But no one really knows how they would behave in times of stress. Some people rise to the occasion; others crumble. Good people crumble, and bad people behave well. There is no knowing before the event how each individual will react, and those who purport to know themselves so well are idiots. It's easy to be a hero when you've not been tested.

It's like all those people who confidently declare that they would have valiantly resisted the Nazis had they been around in Germany in the Thirties. They don't know what they would have gone along with, any more than Germans at the time knew before it happened.

You only have to look at the North to see what ordinary people will do for a quiet life, or out of fear of the consequences. We may like to dream that we'd always rise above our baser natures, but evidence suggests otherwise.

Mark Wahlberg made a similar fool of himself last week when talking about Flight 93, which crashed into a field in Philadelphia on September 11 after passengers stormed the cockpit in an effort to wrestle the plane back from Muslim fundamentalist hijackers. The Hollywood star was booked to be on the plane that day, but at the last minute he chartered a private flight to a film festival in Canada.

He declared to an interviewer: "If I was on that plane with my kids, it wouldn't have went down like it did. There would have been a lot of blood in that first class cabin and then me saying: 'Okay, we're going to land somewhere safely, don't worry'."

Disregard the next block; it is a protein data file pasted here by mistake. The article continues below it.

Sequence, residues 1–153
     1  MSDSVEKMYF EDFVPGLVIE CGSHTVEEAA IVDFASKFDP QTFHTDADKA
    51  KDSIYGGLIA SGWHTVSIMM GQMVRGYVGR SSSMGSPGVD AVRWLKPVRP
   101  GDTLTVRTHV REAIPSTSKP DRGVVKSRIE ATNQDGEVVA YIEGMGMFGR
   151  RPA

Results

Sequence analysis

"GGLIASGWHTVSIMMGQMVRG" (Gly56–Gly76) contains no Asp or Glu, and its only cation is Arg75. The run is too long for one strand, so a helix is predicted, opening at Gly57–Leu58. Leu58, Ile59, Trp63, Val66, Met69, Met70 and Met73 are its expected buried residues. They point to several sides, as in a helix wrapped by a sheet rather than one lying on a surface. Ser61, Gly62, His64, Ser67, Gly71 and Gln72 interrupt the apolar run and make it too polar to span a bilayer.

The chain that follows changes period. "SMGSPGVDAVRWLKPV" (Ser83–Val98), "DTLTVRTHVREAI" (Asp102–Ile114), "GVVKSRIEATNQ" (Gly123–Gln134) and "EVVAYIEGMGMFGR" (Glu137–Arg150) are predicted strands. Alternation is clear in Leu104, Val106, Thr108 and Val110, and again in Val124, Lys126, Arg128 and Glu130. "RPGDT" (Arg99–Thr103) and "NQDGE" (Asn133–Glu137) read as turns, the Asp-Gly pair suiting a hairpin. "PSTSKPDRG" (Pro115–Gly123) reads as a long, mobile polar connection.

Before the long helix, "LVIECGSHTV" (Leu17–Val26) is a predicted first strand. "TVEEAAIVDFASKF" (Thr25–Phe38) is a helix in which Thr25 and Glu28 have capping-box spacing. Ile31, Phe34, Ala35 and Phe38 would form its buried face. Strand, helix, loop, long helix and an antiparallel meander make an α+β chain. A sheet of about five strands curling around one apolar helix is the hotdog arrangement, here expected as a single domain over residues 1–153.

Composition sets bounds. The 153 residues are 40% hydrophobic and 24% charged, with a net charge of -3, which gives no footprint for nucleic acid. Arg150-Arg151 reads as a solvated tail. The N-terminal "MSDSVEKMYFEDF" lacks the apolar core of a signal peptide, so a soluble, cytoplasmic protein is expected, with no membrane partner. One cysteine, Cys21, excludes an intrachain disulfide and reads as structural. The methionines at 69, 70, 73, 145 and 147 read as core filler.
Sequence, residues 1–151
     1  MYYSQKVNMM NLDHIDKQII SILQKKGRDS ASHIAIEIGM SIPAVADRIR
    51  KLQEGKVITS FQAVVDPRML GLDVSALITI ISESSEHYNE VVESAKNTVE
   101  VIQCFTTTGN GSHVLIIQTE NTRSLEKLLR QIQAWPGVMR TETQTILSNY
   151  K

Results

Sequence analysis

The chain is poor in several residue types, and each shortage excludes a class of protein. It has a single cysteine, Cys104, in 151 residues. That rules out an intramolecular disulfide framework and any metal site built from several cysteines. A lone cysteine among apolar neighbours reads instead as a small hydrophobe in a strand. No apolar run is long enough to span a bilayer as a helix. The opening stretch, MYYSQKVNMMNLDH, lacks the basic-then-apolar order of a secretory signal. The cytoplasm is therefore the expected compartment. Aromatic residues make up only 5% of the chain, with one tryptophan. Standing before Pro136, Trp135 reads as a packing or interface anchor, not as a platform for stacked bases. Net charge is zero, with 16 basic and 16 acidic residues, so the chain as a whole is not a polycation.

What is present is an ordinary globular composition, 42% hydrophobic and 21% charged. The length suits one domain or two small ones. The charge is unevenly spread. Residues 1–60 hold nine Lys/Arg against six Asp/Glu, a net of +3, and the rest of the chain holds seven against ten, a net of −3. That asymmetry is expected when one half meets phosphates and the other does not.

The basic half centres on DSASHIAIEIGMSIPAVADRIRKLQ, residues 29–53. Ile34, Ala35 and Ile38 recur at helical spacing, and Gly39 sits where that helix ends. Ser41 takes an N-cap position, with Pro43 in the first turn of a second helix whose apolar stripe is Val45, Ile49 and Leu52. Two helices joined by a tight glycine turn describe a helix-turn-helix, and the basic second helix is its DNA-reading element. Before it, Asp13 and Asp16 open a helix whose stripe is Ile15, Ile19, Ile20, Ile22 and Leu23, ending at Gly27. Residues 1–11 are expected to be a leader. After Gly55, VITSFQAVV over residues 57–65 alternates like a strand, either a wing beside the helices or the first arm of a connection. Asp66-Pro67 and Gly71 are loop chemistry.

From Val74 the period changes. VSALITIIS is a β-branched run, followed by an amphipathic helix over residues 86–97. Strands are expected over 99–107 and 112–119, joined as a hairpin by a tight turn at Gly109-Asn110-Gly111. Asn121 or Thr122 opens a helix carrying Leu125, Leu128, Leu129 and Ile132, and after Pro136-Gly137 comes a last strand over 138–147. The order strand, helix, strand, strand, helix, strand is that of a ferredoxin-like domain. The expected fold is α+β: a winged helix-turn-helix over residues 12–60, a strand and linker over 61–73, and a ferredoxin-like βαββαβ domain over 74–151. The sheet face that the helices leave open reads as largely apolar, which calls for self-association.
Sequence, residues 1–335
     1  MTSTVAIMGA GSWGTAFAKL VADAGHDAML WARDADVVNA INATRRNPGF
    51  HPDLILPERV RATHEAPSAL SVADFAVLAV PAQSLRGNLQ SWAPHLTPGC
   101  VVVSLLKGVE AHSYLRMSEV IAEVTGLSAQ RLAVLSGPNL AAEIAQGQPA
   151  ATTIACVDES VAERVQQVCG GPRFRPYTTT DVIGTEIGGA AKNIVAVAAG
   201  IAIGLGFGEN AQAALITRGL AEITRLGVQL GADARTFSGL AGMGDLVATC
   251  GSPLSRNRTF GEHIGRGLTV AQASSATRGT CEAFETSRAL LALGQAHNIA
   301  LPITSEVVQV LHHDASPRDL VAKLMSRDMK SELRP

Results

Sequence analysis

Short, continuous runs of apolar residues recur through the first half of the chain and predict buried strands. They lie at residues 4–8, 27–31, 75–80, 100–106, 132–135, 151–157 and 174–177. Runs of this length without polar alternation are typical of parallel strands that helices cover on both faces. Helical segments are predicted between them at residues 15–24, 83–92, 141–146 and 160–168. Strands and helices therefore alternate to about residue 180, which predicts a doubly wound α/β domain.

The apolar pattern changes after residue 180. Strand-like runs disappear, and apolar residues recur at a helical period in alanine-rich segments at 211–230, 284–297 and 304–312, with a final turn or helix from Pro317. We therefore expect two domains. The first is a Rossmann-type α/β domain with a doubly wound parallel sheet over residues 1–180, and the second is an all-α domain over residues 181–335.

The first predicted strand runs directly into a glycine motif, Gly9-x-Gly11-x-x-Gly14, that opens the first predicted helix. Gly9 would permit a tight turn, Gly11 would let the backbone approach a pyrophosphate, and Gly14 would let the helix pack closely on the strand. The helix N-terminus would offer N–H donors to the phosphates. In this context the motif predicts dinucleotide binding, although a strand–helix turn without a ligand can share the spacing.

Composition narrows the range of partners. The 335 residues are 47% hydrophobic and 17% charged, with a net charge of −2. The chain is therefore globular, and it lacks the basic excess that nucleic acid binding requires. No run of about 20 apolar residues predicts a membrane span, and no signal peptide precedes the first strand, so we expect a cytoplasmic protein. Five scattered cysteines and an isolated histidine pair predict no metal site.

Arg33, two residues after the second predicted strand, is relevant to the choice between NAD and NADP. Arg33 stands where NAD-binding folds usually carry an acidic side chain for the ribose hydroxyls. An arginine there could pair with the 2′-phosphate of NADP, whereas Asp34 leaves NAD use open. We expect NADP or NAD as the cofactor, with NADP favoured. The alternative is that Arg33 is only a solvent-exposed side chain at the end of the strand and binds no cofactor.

It's the sort of thing any group of friends might discuss sitting around whilst having a few (too many) beers. We've all had those "what if?" conversations. But it's strange that many of the same people who recognise that Wahlberg was being a loud-mouthed insensitive jerk still think they would, in Captain Schettino's designer Italian shoes, have behaved so much more self-sacrificially than he did, taking control of the situation and promising the passengers they, too, would "land somewhere safely, don't worry".

Even if he did the wrong thing, he's paying for it now, and not simply with the threat of prison. Much harder to endure is that, thanks to the internet, he's now not only the "most hated man in Italy", but the most despised one across the world. Such is the nature of globalised media, where personal ignominy is transmitted and amplified a thousand fold.

The internet can be a hateful place for those who fail to live up to what's expected of them; the atmosphere quickly becomes nasty. People have committed suicide after being faced with much less virulent public hostility.

The atmosphere was soured still further by the release of that taped exchange between Schettino and the coastguard. He was only ever going to come out of it looking contemptible. Maybe that was why it was released. It suits everyone, from the shipping company to the Italian authorities, to have a convenient scapegoat to take the heat for a disaster, rather than face awkward questions about safety procedures and ship design, or whether cruise ships have simply grown too bloated and unwieldy, thereby exacerbating potential tragedies.

I wouldn't want Captain Schettino in charge of any ship that I was on, but I wouldn't want the people who threw him to the wolves looking out for me either.

Clearly he's not the only one who thinks it's "every man for himself".

Sunday Independent